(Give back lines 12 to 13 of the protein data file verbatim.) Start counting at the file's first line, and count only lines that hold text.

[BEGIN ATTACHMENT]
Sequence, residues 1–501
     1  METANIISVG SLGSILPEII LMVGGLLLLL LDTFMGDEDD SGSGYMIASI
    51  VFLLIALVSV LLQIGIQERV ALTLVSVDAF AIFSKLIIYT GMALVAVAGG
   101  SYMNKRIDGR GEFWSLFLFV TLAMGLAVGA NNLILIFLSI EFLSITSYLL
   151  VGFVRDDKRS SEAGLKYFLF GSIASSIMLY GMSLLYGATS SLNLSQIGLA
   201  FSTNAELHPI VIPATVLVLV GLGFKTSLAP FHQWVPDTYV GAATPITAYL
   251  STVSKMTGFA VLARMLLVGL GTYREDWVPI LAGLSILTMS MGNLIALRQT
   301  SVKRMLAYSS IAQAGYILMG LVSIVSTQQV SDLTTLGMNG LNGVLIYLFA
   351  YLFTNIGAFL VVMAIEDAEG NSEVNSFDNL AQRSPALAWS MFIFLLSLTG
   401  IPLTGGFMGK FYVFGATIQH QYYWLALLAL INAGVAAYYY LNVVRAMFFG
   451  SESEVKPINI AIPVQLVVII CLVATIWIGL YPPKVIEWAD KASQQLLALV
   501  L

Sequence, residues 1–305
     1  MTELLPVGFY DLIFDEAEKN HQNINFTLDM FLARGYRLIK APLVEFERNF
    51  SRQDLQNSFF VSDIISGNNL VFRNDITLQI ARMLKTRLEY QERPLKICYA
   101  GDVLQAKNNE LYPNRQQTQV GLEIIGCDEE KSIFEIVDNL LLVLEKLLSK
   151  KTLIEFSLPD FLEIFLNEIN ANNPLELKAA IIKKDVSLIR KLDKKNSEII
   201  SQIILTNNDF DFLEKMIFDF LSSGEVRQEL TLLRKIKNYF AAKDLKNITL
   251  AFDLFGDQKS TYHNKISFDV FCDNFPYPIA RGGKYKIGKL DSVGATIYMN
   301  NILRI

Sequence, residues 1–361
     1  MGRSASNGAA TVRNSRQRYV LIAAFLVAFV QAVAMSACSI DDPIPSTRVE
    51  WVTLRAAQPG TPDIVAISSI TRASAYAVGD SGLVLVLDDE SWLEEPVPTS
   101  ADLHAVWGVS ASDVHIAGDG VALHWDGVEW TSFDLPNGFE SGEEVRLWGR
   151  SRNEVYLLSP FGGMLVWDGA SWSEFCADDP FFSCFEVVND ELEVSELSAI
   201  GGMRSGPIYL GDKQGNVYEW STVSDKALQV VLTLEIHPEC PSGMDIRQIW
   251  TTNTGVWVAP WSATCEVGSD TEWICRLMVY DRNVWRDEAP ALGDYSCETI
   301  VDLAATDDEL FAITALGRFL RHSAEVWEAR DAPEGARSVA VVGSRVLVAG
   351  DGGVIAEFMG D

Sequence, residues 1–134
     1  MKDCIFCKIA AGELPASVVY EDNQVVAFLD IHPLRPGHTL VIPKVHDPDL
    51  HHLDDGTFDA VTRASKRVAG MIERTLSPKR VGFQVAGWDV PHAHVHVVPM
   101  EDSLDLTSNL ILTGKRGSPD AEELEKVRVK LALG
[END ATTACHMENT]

   501  L

Sequence, residues 1–305